In Cooper v. Leatherman, the Court held that judges should decide the upper limits of punitive damages as a matter of law. “Requiring the application of law, rather than a decision-maker’s caprice, does more than simply provide citizens notice of what actions may subject them to punishment; it also helps to assure the uniform general treatment of similarly situated persons that is the essence of law itself,” the Court declared, quoting an earlier opinion of Justice Breyer. Going still further, in State Farm v. Campbell, the Court itself took responsibility for mandating a limit on claims for punitive damages, to bar plaintiffs from making outlandish claims to extort settlements. “Elementary notions of fairness enshrined in our constitutional jurisprudence dictate that a person receive fair notice not only of the conduct that will subject him to punishment, but also of the severity of the penalty that a State may impose,” Justice Kennedy wrote for the Court.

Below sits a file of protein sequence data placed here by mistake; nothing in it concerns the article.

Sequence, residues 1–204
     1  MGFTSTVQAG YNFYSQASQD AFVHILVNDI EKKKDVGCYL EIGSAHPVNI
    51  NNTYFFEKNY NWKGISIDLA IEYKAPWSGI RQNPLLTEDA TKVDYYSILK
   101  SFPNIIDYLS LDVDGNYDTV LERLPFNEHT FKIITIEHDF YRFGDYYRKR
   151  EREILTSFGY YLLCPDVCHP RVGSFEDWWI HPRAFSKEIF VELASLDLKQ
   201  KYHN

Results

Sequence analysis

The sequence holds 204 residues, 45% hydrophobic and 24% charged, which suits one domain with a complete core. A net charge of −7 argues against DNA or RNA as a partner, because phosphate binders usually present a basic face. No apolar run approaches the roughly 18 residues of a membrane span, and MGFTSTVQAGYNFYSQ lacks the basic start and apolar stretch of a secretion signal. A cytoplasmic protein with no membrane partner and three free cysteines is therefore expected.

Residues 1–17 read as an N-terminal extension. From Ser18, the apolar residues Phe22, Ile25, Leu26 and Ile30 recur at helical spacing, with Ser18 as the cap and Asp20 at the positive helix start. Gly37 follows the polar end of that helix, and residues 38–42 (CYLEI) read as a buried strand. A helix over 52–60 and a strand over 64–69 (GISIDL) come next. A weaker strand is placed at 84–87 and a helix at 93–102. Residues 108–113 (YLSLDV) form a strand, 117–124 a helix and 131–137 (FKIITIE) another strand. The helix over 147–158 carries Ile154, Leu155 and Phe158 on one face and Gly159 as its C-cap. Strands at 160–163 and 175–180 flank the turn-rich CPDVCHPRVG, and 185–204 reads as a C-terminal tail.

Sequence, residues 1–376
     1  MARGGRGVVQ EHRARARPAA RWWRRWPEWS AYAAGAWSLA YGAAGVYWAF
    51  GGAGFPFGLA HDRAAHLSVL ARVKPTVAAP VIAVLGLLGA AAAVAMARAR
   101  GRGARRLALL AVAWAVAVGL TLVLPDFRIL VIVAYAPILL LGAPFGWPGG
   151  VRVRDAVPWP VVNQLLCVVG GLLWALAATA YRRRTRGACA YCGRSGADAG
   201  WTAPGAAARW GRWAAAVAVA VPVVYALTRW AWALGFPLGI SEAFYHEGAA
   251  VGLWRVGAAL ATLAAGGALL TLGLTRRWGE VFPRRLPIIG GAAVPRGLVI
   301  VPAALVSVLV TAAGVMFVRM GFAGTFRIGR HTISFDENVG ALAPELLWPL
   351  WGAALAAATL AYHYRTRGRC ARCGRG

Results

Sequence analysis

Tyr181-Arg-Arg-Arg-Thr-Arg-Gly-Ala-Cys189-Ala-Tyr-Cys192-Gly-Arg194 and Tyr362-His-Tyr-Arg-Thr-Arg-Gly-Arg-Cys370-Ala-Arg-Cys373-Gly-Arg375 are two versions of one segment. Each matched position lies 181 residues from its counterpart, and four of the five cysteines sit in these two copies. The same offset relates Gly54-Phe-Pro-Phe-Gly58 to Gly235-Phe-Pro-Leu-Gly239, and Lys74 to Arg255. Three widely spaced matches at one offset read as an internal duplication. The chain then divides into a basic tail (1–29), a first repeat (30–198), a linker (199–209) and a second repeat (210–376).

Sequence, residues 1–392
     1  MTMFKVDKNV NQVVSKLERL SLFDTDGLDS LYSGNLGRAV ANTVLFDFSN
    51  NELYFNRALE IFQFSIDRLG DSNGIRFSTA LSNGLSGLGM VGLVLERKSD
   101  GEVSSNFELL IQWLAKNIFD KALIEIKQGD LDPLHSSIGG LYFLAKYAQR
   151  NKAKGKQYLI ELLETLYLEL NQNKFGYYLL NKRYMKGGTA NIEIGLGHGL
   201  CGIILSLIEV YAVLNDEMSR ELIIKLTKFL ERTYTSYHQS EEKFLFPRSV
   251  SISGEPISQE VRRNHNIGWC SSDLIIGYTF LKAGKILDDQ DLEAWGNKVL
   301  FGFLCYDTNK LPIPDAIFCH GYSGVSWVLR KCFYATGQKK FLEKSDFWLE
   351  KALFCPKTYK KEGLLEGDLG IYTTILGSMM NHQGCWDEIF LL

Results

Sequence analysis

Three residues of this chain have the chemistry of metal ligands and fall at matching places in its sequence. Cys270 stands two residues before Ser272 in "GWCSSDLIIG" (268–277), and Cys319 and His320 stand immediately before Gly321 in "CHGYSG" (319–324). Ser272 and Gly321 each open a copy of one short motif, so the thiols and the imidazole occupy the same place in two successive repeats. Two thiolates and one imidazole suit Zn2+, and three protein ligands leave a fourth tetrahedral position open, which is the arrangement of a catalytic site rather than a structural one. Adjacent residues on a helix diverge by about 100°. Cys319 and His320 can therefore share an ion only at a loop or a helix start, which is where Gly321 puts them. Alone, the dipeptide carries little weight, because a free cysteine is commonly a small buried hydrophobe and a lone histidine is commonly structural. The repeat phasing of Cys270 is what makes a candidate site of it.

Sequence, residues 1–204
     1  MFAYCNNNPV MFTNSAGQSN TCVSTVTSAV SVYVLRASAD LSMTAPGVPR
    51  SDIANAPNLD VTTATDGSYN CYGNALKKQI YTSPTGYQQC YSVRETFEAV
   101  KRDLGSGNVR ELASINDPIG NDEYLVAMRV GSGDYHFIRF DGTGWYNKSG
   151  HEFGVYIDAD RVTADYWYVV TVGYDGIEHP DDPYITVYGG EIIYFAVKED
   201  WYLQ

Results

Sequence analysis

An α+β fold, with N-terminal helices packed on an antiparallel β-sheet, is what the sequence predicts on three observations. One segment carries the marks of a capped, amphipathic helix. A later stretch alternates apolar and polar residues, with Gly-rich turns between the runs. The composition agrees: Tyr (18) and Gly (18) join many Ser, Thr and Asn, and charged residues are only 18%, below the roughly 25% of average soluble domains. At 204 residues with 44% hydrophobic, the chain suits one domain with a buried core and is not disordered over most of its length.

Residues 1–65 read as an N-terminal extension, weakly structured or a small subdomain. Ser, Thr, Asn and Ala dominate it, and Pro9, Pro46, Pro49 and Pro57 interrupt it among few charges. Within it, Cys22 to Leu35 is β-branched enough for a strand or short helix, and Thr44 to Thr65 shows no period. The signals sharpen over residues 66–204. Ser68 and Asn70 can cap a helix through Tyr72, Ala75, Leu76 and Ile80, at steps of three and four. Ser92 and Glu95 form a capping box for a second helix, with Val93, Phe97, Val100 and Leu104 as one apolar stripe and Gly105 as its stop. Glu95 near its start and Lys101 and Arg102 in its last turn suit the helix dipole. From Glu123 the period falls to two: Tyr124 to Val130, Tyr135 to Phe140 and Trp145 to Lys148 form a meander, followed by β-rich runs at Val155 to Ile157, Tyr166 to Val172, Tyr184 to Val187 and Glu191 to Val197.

In Daubert v. Merrell Dow, the Court shifted the responsibility of what constitutes credible expert testimony from jury to judge. On the authority of Daubert, a federal judge in Texas, Janis Jack, recently took it upon herself to investigate the validity of more than 9,000 silicosis claims. She found that the diagnoses were a sham and that the litigation had basically been mass-produced by lawyers who would advertise for potential plaintiffs, invite them to a mobile X-ray truck, and then pay doctors to sign their names on preprinted diagnoses. What was shocking about Judge Jack’s 250-page opinion was not the details of this scheme—anyone associated with asbestos litigation has seen the scam in action for years—but that a judge actually took the authority to declare that the emperor had no clothes. Until her decision, judges overseeing several hundred thousand cases had basically taken the position that the plaintiffs had the right to submit these bogus claims to the jury.